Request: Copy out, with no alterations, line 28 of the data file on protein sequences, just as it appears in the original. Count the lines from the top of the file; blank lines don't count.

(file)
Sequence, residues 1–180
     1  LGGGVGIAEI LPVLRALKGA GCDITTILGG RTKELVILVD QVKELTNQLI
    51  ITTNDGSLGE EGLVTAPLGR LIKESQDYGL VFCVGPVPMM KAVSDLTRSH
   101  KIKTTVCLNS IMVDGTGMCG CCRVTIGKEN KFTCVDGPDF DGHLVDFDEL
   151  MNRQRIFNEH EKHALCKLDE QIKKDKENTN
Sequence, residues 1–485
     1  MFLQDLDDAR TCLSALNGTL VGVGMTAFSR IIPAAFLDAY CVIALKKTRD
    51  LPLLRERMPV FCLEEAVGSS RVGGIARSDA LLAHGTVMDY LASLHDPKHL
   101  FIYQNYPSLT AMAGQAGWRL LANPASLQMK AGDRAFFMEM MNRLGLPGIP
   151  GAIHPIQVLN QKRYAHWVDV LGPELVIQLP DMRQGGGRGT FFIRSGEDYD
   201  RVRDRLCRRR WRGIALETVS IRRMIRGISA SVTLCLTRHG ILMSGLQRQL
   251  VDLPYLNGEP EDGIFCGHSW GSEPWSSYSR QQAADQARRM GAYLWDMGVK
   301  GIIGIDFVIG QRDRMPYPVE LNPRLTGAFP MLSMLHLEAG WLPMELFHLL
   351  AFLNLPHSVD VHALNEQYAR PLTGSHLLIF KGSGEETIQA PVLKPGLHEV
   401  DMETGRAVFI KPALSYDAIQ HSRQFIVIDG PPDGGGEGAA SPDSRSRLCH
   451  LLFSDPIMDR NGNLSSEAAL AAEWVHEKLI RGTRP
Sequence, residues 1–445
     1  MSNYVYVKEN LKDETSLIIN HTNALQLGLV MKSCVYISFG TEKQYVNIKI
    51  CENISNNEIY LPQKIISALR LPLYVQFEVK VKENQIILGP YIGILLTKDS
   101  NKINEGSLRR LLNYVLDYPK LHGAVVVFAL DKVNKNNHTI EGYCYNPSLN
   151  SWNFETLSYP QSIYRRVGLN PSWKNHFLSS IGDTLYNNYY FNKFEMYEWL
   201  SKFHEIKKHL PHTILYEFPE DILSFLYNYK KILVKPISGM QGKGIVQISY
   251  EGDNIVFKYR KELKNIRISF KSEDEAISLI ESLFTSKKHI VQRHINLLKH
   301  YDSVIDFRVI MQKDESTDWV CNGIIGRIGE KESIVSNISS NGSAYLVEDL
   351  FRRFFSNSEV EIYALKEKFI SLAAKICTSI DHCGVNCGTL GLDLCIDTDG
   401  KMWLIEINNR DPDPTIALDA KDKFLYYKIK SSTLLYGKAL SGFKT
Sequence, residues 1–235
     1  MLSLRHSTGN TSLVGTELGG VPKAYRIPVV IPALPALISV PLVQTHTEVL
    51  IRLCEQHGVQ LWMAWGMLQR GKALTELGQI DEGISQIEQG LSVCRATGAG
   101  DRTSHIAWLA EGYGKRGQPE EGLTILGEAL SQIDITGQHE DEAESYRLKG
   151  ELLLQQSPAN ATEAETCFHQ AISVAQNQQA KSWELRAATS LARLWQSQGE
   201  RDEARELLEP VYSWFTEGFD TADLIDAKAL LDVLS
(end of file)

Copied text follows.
     1  MLSLRHSTGN TSLVGTELGG VPKAYRIPVV IPALPALISV PLVQTHTEVL